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LEGISLATION PROPOSED TO PREVENT EMPLOYERS FROM REFUSING TO CONSIDER JOBLESS APPLICANTS

July 20, 2011

Employers and employment agencies would be barred from refusing to consider out-of-work job applicants based on their status as unemployed under a bill introduced July 12 in the House. The Fair Employment Opportunity Act was introduced by Rep. Rosa DeLauro (D-Conn.) and Rep. Hank Johnson (D–Ga.) with 30 co-sponsors. The bill was referred to the House Education and the Workforce Committee.

“In a tough job market, where workers are competing against tens and sometimes hundreds of others for every available job opening, it is unjust for employers to discriminate against those who are unemployed,” DeLauro said. “We have seen ample evidence that unemployed individuals are increasingly falling prey to discriminatory practices reducing their opportunities to be considered for a job.”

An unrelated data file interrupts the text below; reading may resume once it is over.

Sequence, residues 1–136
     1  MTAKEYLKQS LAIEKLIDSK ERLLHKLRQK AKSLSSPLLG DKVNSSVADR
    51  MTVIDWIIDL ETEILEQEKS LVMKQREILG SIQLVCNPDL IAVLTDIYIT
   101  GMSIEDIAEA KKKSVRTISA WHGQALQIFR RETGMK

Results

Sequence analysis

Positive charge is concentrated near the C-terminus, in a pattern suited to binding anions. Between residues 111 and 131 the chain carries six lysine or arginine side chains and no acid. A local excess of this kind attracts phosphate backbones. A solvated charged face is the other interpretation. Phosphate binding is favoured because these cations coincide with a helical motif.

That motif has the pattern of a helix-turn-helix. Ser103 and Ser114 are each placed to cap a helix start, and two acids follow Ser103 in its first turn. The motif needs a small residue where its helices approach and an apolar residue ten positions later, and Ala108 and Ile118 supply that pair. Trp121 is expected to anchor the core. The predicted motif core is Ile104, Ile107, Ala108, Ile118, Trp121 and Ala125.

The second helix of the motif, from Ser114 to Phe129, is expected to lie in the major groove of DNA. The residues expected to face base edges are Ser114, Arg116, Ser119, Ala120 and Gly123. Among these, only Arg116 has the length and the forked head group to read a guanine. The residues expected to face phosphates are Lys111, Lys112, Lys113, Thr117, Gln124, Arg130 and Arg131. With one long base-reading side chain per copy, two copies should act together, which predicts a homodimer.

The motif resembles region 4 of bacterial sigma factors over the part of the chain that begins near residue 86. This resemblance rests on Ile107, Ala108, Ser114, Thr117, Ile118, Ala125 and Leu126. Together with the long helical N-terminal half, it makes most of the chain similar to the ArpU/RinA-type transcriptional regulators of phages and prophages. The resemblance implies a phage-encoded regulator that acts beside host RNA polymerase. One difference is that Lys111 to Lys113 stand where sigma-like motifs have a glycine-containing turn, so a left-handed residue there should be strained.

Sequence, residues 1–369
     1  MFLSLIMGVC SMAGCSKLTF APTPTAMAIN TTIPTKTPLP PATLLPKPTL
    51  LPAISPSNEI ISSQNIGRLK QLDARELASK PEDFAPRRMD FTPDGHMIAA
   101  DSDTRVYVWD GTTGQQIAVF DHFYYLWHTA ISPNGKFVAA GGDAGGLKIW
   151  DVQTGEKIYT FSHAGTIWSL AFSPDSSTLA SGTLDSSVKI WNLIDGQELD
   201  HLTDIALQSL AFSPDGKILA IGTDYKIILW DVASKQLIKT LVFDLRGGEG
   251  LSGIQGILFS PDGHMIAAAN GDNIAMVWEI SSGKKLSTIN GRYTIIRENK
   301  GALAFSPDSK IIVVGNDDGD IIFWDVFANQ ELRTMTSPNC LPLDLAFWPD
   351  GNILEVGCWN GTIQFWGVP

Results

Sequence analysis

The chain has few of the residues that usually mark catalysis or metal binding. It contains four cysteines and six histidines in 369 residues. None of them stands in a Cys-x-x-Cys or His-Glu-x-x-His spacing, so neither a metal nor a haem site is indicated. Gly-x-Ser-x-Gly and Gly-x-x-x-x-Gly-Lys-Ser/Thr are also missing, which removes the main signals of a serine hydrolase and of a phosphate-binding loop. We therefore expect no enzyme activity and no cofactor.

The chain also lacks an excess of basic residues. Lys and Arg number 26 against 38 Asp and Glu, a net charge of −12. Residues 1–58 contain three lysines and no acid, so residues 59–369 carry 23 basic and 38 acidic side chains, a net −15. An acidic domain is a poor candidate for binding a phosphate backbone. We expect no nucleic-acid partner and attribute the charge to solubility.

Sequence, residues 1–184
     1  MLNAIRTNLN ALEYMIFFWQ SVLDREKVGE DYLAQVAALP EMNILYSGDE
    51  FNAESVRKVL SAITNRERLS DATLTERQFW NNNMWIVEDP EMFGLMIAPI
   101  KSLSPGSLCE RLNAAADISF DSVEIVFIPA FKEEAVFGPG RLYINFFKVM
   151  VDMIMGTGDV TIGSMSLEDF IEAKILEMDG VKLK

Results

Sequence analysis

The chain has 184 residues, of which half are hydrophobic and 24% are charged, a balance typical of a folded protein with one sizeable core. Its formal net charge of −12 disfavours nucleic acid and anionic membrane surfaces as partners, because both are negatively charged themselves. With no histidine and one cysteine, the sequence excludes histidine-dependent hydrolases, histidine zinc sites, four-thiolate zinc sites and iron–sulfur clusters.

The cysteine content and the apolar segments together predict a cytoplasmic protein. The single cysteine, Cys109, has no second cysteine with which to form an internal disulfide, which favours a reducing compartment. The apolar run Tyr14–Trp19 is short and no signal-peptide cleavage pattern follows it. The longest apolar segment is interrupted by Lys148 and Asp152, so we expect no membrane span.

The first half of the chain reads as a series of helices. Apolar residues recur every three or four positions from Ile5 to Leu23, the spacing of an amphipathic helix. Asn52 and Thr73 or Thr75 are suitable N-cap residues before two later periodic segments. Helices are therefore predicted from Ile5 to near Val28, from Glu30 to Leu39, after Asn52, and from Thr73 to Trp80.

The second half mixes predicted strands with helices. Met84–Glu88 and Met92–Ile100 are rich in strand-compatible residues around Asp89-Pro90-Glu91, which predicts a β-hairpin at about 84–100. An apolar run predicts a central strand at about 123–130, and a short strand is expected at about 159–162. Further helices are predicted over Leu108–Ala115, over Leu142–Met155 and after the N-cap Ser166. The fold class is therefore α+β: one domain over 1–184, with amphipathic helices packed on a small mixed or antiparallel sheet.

The bill joins similar legislation introduced in March, also offered by Johnson, that would amend Title VII of the 1964 Civil Rights Act to prohibit employers from discriminating against job applicants based on their unemployment status.

In conjunction with the bill’s introduction, the National Employment Law Project (NELP), released a report that found that four of the top job search websites included more than 150 job advertisements that specified applicants must be currently employed. NELP’s snapshot of jobs postings identified more than 150 ads that included exclusions based on current employment status, including 125 ads that identified specific companies by name. The overwhelming majority of the offending ads required that applicants “must be currently employed.” CareerBuilder.com and Indeed.com accounted for more than 75 percent of the exclusionary ads NELP identified. Staffing firms were prominently represented among those companies identified with the practice of excluding unemployed job seekers, accounting for about half of all the postings. 07-18-2011. Bureau of National Affairs.